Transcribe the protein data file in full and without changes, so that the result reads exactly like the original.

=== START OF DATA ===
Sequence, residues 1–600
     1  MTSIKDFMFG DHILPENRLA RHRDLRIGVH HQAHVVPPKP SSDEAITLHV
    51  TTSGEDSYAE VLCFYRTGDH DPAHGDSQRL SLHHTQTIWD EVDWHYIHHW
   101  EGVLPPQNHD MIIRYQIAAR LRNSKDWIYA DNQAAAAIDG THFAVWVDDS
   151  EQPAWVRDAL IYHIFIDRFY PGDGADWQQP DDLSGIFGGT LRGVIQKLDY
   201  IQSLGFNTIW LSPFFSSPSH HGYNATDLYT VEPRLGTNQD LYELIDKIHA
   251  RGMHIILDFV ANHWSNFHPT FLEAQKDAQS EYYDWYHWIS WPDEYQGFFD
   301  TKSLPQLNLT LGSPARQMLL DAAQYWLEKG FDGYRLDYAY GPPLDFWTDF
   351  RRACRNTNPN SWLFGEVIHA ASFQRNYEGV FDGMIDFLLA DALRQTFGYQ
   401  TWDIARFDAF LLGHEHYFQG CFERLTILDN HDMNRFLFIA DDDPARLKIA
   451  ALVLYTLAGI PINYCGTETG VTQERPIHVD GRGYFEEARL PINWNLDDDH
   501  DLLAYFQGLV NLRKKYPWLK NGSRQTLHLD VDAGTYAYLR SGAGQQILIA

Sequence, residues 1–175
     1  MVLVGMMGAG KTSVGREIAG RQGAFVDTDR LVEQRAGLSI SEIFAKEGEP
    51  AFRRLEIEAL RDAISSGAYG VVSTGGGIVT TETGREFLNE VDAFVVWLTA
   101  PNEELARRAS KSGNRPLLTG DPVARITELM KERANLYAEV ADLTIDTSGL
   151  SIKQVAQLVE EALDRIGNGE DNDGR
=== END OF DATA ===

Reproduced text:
Sequence, residues 1–600
     1  MTSIKDFMFG DHILPENRLA RHRDLRIGVH HQAHVVPPKP SSDEAITLHV
    51  TTSGEDSYAE VLCFYRTGDH DPAHGDSQRL SLHHTQTIWD EVDWHYIHHW
   101  EGVLPPQNHD MIIRYQIAAR LRNSKDWIYA DNQAAAAIDG THFAVWVDDS
   151  EQPAWVRDAL IYHIFIDRFY PGDGADWQQP DDLSGIFGGT LRGVIQKLDY
   201  IQSLGFNTIW LSPFFSSPSH HGYNATDLYT VEPRLGTNQD LYELIDKIHA
   251  RGMHIILDFV ANHWSNFHPT FLEAQKDAQS EYYDWYHWIS WPDEYQGFFD
   301  TKSLPQLNLT LGSPARQMLL DAAQYWLEKG FDGYRLDYAY GPPLDFWTDF
   351  RRACRNTNPN SWLFGEVIHA ASFQRNYEGV FDGMIDFLLA DALRQTFGYQ
   401  TWDIARFDAF LLGHEHYFQG CFERLTILDN HDMNRFLFIA DDDPARLKIA
   451  ALVLYTLAGI PINYCGTETG VTQERPIHVD GRGYFEEARL PINWNLDDDH
   501  DLLAYFQGLV NLRKKYPWLK NGSRQTLHLD VDAGTYAYLR SGAGQQILIA

Sequence, residues 1–175
     1  MVLVGMMGAG KTSVGREIAG RQGAFVDTDR LVEQRAGLSI SEIFAKEGEP
    51  AFRRLEIEAL RDAISSGAYG VVSTGGGIVT TETGREFLNE VDAFVVWLTA
   101  PNEELARRAS KSGNRPLLTG DPVARITELM KERANLYAEV ADLTIDTSGL
   151  SIKQVAQLVE EALDRIGNGE DNDGR